Financial markets are undergoing significant changes. One such trend is 'financial democratization', i.e., an increase in the influence of non-professional players. Earlier, financial markets were the specific field of institutional investors, but now we see amazing stories whereby individuals can become the driving force, albeit on third-tier stocks.
A no less important element of this new phenomenon is networks. These individuals not only emerge but form their own investment communities, organized on such platforms as Telegram and Twitter. We managed to study hedge funds - their portfolios, logic, motivation, remuneration – as their number (43) is not significant. However, to understand the intentions of individuals, you need to work with Big Data. There are already 10 million non-professional players on the Moscow Stock Exchange, and 47% of all trading is done by them.
Another challenge is that these subscriber traders use jargon. You will not see phrases like ‘Guys, let's buy Abrau-Durso’. The messages are more cunning, implicit, and, sometimes, even manipulative. For instance, earlier this month, the Central Bank demanded that brokers block 60 individual clients who were involved in manipulations with Rosseti-Yug. Owing to these actions, the traders will translate the communication into the even more Aesopian language. Thus, AI is essential. The neural network, with the help of which we try to find both intentions and manipulations, should catch exotic names, for example, ‘Norka’ and ‘Gamak’ for Norilsk Nickel, or ‘Fikus’ for Fix Price. We created a Telegram bot (SentimetricaBot), which reports on this information every day at 4am. These signals allow us to build portfolios of securities. These are unique products; we patent and sell them. In the new lab, we try to learn how to identify such intentions, manipulative stuffing of information and cheating emotions.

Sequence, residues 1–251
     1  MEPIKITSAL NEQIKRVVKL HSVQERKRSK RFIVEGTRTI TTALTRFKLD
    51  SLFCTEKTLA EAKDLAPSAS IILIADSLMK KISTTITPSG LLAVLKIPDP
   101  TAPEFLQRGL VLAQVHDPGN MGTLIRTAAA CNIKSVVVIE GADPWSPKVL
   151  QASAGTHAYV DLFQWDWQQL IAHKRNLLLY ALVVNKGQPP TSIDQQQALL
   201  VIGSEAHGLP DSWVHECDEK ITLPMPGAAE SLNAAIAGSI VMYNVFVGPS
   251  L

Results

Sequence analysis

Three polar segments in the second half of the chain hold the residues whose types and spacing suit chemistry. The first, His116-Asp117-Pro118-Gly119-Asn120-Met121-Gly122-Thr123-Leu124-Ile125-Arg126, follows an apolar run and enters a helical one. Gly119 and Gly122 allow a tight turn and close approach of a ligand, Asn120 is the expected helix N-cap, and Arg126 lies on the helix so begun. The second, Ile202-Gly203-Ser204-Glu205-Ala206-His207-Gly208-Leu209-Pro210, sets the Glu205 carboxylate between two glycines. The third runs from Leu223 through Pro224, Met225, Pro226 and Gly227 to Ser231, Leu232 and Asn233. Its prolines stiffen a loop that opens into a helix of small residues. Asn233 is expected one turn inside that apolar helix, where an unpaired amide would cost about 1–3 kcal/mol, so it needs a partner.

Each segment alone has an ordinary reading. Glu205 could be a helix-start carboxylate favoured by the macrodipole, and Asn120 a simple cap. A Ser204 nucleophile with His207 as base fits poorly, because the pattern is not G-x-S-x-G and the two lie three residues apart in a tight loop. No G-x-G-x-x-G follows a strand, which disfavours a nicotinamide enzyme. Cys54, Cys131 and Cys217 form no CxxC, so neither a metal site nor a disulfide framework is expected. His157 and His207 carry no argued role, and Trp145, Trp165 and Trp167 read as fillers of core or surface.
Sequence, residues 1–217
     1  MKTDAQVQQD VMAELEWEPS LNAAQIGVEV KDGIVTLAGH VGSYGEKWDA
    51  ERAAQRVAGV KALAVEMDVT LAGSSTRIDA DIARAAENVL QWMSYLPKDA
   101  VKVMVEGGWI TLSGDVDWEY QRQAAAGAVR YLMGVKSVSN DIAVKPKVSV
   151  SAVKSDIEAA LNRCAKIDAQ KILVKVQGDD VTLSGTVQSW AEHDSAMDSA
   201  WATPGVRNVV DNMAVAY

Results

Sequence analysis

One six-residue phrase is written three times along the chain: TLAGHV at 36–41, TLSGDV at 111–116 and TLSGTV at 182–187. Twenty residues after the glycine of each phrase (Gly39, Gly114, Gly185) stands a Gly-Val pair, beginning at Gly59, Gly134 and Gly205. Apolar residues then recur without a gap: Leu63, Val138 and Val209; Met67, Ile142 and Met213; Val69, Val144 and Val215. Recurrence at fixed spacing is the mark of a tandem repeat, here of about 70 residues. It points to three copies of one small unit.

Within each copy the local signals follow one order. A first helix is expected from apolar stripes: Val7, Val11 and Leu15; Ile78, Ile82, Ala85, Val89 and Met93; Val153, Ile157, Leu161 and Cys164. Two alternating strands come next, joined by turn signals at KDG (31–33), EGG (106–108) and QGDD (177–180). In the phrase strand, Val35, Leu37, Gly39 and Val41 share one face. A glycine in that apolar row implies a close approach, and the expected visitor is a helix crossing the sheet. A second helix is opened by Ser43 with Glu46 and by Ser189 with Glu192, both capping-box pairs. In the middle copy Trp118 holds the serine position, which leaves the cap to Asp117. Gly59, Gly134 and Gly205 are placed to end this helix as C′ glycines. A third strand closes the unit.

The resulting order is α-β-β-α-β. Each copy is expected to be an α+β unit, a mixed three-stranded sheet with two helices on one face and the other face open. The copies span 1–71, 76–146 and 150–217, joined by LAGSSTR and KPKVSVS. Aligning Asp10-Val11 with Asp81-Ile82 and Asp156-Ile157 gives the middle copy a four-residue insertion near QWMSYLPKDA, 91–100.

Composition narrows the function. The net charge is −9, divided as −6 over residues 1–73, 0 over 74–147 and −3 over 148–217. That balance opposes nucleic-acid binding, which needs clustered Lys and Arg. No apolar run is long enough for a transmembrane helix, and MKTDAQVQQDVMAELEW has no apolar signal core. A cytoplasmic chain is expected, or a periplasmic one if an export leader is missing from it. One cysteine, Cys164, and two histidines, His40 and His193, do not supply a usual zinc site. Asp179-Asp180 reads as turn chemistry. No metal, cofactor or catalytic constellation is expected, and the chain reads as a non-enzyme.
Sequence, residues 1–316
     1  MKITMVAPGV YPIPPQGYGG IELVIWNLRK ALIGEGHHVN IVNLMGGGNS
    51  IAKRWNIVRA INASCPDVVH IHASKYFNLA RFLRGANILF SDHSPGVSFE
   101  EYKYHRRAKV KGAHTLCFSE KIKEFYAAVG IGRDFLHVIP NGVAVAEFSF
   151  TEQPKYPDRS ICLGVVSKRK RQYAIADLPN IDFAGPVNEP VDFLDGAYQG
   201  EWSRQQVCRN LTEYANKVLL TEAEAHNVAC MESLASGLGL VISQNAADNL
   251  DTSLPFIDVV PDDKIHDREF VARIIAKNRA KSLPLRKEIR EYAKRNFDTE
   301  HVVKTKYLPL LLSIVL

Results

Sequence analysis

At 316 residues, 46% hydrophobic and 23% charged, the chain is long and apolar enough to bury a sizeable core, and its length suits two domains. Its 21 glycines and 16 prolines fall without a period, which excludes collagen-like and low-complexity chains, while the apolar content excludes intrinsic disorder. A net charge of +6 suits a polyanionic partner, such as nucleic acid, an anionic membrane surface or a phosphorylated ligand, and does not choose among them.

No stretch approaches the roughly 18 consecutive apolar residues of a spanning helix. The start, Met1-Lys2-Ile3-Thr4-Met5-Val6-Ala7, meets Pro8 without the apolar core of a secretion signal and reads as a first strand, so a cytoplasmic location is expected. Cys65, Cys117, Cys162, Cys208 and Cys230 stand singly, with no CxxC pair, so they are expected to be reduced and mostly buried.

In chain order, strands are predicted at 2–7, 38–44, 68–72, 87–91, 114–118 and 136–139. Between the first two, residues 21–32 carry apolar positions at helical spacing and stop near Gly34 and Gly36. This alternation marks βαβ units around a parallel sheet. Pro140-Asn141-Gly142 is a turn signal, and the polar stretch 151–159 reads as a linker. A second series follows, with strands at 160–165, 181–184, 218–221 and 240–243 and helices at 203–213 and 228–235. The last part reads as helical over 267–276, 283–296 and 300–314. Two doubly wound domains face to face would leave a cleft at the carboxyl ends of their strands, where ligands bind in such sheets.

I welcome financial democratization, as I believe that self-determination and self-organization may contribute to development of civil society. The financial market can teach people to unite, first, by trading together, then by defending their interests. It is interesting for us to study this process.
We have cooperated with our partners in the UK and Portugal for two years, and we have an even longer history of cooperation with Pakistan and Iran. We put out joint publications, and when we realized that our relationship was quite promising, we formalized it by creating an international lab. Dr Ali Emrouznejad is the head of an institute in Birmingham and an expert in mathematical methods. Our hope was to attain synergy from a special combination of mathematics and finance. We offer certain financial riddles, problems, and our vision of solving them, whereas Dr Emrouznejad can improve and offer advanced methods with respect to the research subject.
International Laboratory for Digital Transformation in Public Administration
Laboratory Head: Dr. Evgeny Styrin, Associate Professor at the HSE School of Politics and Governance; Leading International Researcher: Dr Vishanth Weerakkody, Professor and Dean of Faculty of Management, Law and Social Sciences, University of Bradford (UK).